Syncrude Kaolin Recovery Project

This report is an appendix to the EcoSmart Project s Metakaolin Feasibility Study. Syncrude Canada Ltd has initiated a project to recover a kaolin rich slurry from oil sands tailings. The recovered product has been identified as a potential pozzolanic supplement in specialty cements. This report describes the laboratory and pilot plant work which produced a bulk sample of slurry. The slurry sample was sent to ECC in Georgia for calcining and product evaluation.

The report also contains a description and cost estimate of a commercial plant to generate the initial annual quantity of product required by ECC.

Technical Report Author: Tynebridge Technologies Ltd

Analysis of the NLK Project EA 2860 EcoSmart Concrete Project Metakaolin Pre-Feasibility Study

This report is an appendix to the EcoSmart Concrete Project s Metakaolin Study. The report presents INSA s technical economical and environmental analysis of the report prepared for EcoSmart by NLK consultants.

The report concludes that NLK s arguments are acceptable but have to be verified by a pilot-scale production of metakaolin in a multiple-hearth furnace then supplied to ready mix concrete plants to determine industrial acceptability.

Technical Report Author: Jean Pera

NLK Project EA 2860: EcoSmart Concrete Project Metakaolin Pre-Feasibility Study

This report is an appendix to the EcoSmart Project s Metakaolin Study. The report presents the results of NLK s metakaolin pre-feasibility review of the potential for developing metakaolin from the oil sands operations for use in concrete as a supplementary cementing material. The report covers the technical economic and environmental aspects of recovering and converting kaolin to metakaolin and of using metakaolin as a SCM.

The report concludes that metakaolin produced from the oil sands tailings is comparable to silica fume as an additive and is about 85-90% as reactive as commercially available metakaolin. It is technically viable for use as an SCM in concrete although its slight colouration precludes some uses. A precondition to considering the viability of extracted metakaolin is that it can be supplied at a low enough cost to provide economic benefits to ready mix concrete suppliers with resulting demand that it is adequate to justify an extraction plant.

Technical Report Author: NLK Consultants Inc.

Metakaolin Study: Pre-Feasibility Review of the Potential for Developing Metakaolin from Oil Sands Operations for Use in Concrete

This report evaluates the potential of metakaolin recuperated from oil sands tailing ponds in North Alberta as a supplementary cementing material -SCM- for concrete. Oil sands operations produce vast quantities of tailings containing extremely fine clays that prevent the reuse of process water from the tailings ponds. Preliminary research has indicated that this fine material can be processed into a product similar to metakaolin -MK- . Metakaolin is a valuable product with many commercial uses including as a high performance SCM. Extracting the fine clay from the ponds to produce SCM would have two benefits: clarifying the process water for reuse in the operations while producing a valuable product from a by-product.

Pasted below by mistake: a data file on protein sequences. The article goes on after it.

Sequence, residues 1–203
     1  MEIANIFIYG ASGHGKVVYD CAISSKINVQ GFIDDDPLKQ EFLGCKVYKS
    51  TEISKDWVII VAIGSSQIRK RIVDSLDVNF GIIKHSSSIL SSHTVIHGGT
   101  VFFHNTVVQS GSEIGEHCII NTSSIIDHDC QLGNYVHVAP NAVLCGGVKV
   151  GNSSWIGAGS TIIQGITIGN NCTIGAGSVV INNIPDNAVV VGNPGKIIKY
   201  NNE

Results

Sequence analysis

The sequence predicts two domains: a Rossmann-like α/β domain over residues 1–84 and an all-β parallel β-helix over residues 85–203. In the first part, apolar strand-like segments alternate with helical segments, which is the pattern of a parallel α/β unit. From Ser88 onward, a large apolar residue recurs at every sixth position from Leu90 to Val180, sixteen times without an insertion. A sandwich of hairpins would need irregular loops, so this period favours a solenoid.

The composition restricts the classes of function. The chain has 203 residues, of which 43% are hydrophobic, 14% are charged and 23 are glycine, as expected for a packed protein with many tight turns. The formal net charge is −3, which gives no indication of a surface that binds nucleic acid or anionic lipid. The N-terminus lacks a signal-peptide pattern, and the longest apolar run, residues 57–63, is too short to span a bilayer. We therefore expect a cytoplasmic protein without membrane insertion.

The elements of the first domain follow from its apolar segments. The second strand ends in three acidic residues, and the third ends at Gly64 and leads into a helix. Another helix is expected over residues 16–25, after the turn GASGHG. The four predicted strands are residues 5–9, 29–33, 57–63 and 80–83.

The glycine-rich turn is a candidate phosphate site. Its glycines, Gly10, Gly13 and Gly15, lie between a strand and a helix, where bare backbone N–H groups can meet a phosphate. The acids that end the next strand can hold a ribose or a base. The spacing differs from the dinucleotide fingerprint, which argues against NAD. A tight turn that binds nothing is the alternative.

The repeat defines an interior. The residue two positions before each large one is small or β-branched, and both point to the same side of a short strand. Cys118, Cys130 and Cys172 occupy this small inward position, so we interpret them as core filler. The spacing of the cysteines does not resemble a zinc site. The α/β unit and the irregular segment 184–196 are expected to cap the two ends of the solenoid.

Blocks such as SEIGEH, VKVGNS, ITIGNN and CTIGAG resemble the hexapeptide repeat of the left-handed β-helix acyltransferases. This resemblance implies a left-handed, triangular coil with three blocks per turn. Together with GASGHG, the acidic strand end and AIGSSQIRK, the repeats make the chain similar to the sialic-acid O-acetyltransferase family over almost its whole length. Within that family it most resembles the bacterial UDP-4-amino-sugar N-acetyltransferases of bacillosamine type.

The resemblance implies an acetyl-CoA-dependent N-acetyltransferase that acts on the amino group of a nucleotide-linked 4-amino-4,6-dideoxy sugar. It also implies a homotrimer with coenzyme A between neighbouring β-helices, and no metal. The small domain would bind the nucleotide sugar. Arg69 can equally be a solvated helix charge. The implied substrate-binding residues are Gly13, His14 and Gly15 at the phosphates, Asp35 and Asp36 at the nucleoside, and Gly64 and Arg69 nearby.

The study finds however that while it is technically feasible the concept is uneconomical for many reasons. The material that can be produced from the pond – called calcined mature fine tailings or CMFT – while similar to MK has lower quality and performance than the products currently on the market. Another shortcoming is that CMFT is grey while metakaolin from virgin kaolin is white. Therefore in performance and appearance CMFT cannot compare to MK. Rather it is more like fly ash -FA- another SCM abundantly available in Alberta but at a much lower price than MK. Furthermore the oil sand region is isolated landlocked and far from the market for concrete. Because of the cost of extracting drying calcining and transporting the material CMFT cannot compete against FA and the study concludes on the non-feasibility of the concept. The oil sand industry still wants to resolve its water and pond issues and continues to investigate ways to process the fine tailing. If this research is successful and CMFT with improved quality color and cost can be produced then it will be worthwhile to reexamine the case and see if the product can be used in concrete.

Technical Report Author: EcoSmart Concrete Project

Current Situation of Supplementary Cementitious Materials (SCMs) in Canada

The report details the current situation of supplementary cementing materials -SCMs- in Canada specifically in terms of production cost availability usage potential areas for increasing usage local barriers and relevant guidelines and specifications. The purpose of the study is to determine a strategy to increase the use of SCMs in Canada.

The data show that approximately 524 000 347 000 and 37 000 tonnes of fly ash Ground Granulated Blast Furnace Slag -GGBFS- and silica fume were used in cement and concrete applications in 2001. These amounts represent 11 90 and 185% of the quantity produced respectively. Thus fly ash appears to be the only material that is underused and that represents a potential for increased use of SCMs in Canada.

The investigation also shows that there are policy technical and economic barriers to the increased use of SCMs in Canada. The report suggests several solutions to overcome these barriers.

Includes an extensive list of tables.

Technical Report Author: Nabil Bouzoubaa, Benoit Fournier